Some side effects can be serious. If you experience the following symptom, call your doctor immediately: rapid heart rate
Nicotine inhalation may cause other side effects. Call your doctor if you have any unusual problems while using this medication.
Keep all the parts of the nicotine inhaler and used and unused nicotine cartridges out of the reach of children and pets. Store the mouthpiece in the plastic storage case. Store the cartridges at room temperature and away from excess heat and moisture (not in the bathroom). Throw away any medication that is outdated or no longer needed. Talk to your pharmacist about the proper disposal of your medication.
In case of overdose, call your local poison control center at 1-800-222-1222. If the victim has collapsed or is not breathing, call local emergency services at 911.
Symptoms of overdose may include: palenesscold sweatnauseadroolingvomitingstomach paindiarrheaheadachedizzinessproblems with hearing and visionshaking of a part of your body that you cannot controlconfusionweaknessseizures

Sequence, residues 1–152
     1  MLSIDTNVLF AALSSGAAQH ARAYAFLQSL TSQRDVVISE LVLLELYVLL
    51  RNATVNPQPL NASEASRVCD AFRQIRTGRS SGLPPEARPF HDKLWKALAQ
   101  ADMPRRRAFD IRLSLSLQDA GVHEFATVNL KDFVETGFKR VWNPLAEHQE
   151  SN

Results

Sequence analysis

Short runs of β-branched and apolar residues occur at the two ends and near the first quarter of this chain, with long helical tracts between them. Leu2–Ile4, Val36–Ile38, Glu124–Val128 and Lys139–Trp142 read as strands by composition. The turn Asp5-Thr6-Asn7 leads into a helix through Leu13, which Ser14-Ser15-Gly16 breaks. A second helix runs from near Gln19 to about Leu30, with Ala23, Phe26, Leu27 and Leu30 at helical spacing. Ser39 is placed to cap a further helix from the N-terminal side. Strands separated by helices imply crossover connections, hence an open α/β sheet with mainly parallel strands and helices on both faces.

Keep all appointments with your doctor.
Do not let anyone else use your medication. Ask your pharmacist any questions you have about refilling your prescription.
It is important for you to keep a written list of all of the prescription and nonprescription (over-the-counter) medicines you are taking, as well as any products such as vitamins, minerals, or other dietary supplements. You should bring this list with you each time you visit a doctor or if you are admitted to a hospital. It is also important information to carry with you in case of emergencies.
AHFS® Consumer Medication Information. © Copyright, The American Society of Health-System Pharmacists, Inc., 7272 Wisconsin Avenue, Bethesda, Maryland. All Rights Reserved. Duplication for commercial use must be authorized by ASHP.
Last Reviewed: September 1, 2010.